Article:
Host: Now tell us about your studies about long-term outcomes? Comparing these methods as we spoke about. That surgery is not really what’s mostly recommended anymore, and your Ponseti method is effective and really helps the children. Tell us about some of the studies that you’ve done.

Dr. Smith: Yeah. So, our hospital and other hospitals a long time ago were centers of expertise, if you will, in the surgical correction of clubfoot. The results actually were quite good. However, now we realize that as we look at adults and we have a motion analysis laboratory that analyzes gait and motor function and strength and other aspects of how people live and are mobile with feet. We looked at two populations. Adults that had clubfoot that had surgery and others that had treatment with the Ponseti method. Clearly the Ponseti method adults, those who had been treated in that fashion, did much better as adults. They had less pain, able to do more activities. So, we were pleased that that corroborated our impression that this was a better method.

Host: This is an international issue, yeah. So, tell us about that and how your efforts have helped around the world physicians dealing with children with clubfoot.

Dr. Smith: Oh, thanks for asking. So, we know that this is one of the most common musculoskeletal conditions. Like you said, about one in a thousand. So that means there are hundreds of thousands of babies with clubfoot that need treatment. Obviously, not that many of them have access to the facilities that we have. But with the casting methods, this can be taught all over the world. With lots of other pediatric orthopedists in different types of venues, we've done teaching in the methods of this. We teach it to doctors. We teach it to physical therapists and other health professionals in other countries. Generally, in the form of conferences and lectures and demonstrations. So that our hope is that this will be adopted all over the world as the treatment for this common deformity that if left untreated becomes somewhat disabling. But with a relatively simple treatment with casting, can result in relatively normal looking feet that function well and don’t result in disabilities. So, it’s our hope that this method will be available all over the world. And there’s many people working on that, among them many of the Shriners doctors.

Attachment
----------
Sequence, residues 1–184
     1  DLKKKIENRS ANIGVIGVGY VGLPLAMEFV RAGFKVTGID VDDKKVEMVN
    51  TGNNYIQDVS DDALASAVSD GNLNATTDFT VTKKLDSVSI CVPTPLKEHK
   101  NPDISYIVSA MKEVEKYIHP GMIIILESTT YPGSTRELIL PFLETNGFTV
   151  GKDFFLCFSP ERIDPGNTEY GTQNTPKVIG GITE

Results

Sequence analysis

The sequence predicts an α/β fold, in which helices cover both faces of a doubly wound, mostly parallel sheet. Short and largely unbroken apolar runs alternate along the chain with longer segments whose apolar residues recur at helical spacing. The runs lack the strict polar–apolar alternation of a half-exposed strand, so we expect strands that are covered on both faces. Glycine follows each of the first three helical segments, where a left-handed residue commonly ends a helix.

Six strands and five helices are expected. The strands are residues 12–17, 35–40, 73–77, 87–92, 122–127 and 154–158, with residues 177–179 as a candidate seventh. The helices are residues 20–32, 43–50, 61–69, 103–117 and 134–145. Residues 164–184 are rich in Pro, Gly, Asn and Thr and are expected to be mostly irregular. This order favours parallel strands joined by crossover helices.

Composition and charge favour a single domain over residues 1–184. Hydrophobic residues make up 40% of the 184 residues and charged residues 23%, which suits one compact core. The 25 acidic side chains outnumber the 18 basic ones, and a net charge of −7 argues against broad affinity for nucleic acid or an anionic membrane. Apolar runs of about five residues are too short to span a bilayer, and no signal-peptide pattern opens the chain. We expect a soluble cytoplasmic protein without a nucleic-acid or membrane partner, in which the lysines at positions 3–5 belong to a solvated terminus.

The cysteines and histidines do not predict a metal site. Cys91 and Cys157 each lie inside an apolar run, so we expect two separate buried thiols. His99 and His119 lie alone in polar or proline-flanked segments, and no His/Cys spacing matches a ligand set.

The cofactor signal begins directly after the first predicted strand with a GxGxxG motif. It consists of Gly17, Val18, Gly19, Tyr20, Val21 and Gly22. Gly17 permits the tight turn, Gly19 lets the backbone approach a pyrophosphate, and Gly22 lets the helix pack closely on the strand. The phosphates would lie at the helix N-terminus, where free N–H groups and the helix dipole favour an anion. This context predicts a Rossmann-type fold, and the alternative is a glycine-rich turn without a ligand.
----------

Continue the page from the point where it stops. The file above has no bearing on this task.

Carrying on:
Host: Dr. Smith, how is your inhouse prosthetic service involved in this treatment, which families can choose to utilize if they wish. Yes?

Dr. Smith: Yeah. We have inhouse orthotics and prosthetics. The orthotics that is used for this is a brace that holds the feet apart. It can be fit by our orthotist. As the children go on, some of them need other kinds of braces and shoe inserts to help with their function. We can do that too. So yes, they're a part of our team.

Host: Wrap it up for us Dr. Smith. This very common condition, but as you stated could be disabling if not treated. Just give parents listening your best advice and what you’d like them to know about clubfoot and the treatment that you can provide at Shriners Hospitals for Children – Chicago.

Dr. Smith: Yeah. I would say that it seems like a complicated problem, and it does require a lot of attention to detail. With the proper treatment with casting, usually we can get the foot in an excellent position. The children can have great function. What I tell the parents is that their children usually can do all the things that other kids do as they're growing up and even as adults. That’s definitely our goal.

Host: That’s excellent Dr. Smith. Thank you so much for coming on and explaining with your expertise the treatment options available and that it’s far less complicated for the parents to understand than they might realize. So, thank you so much for speaking about the treatment options available for clubfoot. This is Pediatric Specialty Care Spotlight with Shriners Hospitals for Children Chicago. For more information, please visit That’s I’m Melanie Cole. Thanks so much for tuning in.

About the Speaker

Peter Smith, M.D.

Peter Smith, M.D., is an attending orthopedic surgeon and director of the osteogenesis imperfecta clinic at Shriners Hospitals for Children — Chicago. Additionally, Dr. Smith is the medical director of the hospital’s motion analysis center.

Learn more about Peter Smith, M.D.